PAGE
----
Ancient Chinese paper armor

fydynasticchina:

This just popped up on my twitter feed— a Mythbusters video demonstrating the durability of paper armor as compared to steel armor :)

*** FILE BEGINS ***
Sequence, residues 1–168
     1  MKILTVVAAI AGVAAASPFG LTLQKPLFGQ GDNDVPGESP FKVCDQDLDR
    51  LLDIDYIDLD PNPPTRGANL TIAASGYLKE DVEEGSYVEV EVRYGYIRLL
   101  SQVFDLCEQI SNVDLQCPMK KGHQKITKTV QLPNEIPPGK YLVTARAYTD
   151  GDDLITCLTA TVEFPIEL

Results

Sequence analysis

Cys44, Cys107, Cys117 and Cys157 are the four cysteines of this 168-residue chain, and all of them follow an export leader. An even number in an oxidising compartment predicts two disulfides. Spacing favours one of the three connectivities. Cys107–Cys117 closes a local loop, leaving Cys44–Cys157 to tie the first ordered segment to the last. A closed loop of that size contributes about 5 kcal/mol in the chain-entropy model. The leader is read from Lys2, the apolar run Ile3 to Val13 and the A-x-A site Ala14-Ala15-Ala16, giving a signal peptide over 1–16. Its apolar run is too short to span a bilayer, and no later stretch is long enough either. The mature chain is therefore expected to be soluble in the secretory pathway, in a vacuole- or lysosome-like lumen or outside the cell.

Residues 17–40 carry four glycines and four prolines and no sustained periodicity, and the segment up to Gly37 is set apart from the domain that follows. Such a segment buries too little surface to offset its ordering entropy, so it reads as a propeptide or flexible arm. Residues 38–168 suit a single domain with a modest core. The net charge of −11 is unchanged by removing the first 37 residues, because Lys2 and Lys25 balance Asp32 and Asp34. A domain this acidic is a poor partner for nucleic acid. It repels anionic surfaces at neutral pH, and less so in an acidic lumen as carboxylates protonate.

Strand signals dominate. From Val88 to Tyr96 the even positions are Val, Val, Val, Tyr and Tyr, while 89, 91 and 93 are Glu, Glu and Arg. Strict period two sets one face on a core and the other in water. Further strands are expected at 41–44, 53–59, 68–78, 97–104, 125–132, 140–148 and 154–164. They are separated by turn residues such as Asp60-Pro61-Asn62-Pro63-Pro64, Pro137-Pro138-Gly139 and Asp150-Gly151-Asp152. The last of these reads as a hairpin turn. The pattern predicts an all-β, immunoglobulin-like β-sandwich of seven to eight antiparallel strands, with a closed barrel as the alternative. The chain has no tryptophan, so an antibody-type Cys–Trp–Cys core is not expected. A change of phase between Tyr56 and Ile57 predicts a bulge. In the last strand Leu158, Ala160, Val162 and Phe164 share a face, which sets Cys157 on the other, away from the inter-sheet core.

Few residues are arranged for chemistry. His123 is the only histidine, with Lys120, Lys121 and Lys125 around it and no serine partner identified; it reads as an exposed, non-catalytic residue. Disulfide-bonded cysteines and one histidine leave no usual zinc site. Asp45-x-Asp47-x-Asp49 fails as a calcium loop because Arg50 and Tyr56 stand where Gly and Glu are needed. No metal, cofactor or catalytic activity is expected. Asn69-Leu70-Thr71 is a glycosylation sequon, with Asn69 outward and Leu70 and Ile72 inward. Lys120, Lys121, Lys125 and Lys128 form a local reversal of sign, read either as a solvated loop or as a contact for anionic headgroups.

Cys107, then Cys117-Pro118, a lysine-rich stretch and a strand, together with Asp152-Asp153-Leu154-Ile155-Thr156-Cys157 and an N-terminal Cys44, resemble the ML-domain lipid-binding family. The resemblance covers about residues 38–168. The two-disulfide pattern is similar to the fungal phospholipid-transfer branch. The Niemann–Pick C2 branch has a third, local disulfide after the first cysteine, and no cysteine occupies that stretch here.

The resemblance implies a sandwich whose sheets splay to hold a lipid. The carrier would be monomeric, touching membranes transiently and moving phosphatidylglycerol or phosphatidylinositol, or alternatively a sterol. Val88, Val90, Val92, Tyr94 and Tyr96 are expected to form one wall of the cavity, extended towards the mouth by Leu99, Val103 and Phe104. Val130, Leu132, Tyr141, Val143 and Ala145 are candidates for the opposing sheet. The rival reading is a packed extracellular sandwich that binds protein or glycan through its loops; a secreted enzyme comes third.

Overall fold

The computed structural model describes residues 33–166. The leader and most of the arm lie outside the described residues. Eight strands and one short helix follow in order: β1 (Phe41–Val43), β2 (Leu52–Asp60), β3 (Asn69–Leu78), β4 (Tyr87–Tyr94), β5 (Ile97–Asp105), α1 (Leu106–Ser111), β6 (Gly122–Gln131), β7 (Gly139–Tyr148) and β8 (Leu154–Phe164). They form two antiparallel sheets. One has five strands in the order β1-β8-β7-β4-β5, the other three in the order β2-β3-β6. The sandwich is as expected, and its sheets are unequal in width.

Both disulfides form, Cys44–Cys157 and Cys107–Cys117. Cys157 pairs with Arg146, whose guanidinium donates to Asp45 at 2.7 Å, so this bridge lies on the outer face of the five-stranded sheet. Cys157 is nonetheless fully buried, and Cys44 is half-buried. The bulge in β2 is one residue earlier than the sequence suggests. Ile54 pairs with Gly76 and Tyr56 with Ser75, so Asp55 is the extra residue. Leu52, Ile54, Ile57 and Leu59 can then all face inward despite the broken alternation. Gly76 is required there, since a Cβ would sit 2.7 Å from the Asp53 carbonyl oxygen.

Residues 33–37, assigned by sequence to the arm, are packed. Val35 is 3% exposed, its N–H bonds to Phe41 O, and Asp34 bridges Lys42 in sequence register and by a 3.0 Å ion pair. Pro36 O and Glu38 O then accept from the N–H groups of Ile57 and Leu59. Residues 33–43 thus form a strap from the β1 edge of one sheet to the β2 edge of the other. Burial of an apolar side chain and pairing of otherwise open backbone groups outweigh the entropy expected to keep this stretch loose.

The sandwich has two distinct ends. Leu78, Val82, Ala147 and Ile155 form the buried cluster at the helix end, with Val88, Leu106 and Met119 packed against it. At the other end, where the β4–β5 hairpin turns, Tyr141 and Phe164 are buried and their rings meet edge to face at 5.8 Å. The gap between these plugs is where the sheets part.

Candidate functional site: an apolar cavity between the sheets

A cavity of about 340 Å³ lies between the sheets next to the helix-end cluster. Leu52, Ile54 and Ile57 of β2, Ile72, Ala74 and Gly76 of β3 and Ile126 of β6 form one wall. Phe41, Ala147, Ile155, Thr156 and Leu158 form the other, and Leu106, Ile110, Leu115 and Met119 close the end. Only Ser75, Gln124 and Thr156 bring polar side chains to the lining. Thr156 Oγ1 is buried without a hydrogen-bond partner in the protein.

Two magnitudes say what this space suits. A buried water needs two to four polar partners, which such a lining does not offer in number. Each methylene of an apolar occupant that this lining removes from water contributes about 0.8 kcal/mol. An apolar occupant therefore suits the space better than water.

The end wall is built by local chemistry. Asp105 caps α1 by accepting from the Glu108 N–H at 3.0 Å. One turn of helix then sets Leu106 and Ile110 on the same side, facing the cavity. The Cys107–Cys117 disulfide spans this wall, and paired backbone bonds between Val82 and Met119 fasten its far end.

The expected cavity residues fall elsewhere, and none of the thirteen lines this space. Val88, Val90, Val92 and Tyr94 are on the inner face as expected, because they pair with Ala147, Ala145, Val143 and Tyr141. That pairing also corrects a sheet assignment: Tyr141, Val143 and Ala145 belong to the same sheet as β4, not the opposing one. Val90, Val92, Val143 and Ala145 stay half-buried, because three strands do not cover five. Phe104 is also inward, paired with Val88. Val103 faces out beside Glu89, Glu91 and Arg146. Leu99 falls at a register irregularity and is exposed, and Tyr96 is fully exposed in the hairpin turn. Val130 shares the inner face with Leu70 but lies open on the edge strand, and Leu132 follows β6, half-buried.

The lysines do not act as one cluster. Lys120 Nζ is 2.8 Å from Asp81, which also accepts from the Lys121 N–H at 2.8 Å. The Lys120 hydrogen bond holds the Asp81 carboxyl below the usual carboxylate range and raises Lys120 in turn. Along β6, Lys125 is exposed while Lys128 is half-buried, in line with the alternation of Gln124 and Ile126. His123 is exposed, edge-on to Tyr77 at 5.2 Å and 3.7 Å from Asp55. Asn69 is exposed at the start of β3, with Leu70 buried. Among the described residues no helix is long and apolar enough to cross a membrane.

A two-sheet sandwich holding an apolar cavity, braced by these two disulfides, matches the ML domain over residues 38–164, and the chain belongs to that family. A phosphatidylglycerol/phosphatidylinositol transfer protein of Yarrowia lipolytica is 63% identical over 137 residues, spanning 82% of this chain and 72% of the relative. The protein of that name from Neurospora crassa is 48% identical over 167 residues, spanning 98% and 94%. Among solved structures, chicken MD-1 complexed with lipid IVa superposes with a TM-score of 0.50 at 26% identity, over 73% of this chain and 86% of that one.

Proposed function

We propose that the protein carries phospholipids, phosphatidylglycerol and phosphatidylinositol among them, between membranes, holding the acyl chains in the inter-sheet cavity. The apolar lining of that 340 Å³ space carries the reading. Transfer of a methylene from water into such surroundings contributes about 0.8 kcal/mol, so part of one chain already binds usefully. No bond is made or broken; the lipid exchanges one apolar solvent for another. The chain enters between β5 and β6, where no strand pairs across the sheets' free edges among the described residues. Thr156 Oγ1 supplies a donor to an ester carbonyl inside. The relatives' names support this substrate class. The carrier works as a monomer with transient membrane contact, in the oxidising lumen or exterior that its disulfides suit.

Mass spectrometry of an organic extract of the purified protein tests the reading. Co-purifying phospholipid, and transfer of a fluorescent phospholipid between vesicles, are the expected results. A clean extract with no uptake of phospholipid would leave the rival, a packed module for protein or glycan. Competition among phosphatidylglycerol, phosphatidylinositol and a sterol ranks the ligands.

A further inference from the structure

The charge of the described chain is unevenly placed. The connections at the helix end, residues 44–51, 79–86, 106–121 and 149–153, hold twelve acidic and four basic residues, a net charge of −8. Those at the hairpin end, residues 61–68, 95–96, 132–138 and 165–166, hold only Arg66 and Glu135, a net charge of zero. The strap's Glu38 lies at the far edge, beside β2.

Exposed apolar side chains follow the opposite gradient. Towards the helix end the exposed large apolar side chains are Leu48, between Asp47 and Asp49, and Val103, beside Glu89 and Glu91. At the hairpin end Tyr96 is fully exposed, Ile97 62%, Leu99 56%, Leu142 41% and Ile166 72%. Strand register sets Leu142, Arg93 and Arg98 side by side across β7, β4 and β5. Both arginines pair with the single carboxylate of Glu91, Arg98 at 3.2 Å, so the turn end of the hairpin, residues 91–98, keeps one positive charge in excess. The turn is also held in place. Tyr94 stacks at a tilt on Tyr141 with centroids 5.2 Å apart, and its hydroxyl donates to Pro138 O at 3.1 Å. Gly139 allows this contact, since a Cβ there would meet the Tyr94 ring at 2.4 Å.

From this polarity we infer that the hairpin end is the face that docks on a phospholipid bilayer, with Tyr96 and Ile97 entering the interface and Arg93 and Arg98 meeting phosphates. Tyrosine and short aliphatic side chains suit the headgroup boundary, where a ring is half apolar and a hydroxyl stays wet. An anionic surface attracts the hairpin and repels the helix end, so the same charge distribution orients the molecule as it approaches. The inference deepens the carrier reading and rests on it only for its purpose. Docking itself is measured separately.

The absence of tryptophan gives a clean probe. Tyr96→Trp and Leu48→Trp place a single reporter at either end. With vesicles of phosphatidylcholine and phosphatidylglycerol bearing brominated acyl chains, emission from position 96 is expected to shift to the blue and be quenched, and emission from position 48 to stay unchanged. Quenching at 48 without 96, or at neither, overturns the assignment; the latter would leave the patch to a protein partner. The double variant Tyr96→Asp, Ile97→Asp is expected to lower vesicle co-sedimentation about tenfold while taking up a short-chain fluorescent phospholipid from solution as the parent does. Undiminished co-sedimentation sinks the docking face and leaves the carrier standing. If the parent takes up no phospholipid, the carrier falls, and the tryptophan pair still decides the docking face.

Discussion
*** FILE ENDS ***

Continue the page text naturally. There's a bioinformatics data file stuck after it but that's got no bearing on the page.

Zhijia (纸甲), or paper armour originated during the Tang dynasty. It was said that this form of armour was made during the reign of Tangyizong (859 – 873 CE). During the Song-Hsia Wars, thirty thousand of this form of armour was made and worn by the besieged archers of the Song dynasty in the fortress in Shanxi. It was made from a form of processed paper being one to three inches thick. Under wet conditions such as rain the material would turn even tougher making it a valuable form of defence against arrows. This was an important tactical advantage of paper armour as metal armour, despite providing a much better protection, would rust under these conditions. Other advantages of this form of armour includes its lightness allowing perhaps the greatest form of mobility among all armour styles. Lightness was essential and hence the paper armour being one of the more preferred form of armour in areas of the south where there are a large amount of rivers and forests. During the campaign by General Qi Jiguang against the Japanese pirates, a large number of his troops wore this form of armour as it was effective against the firearms of the time. In addition, it was extremely flexible as well as cheap to produce. 

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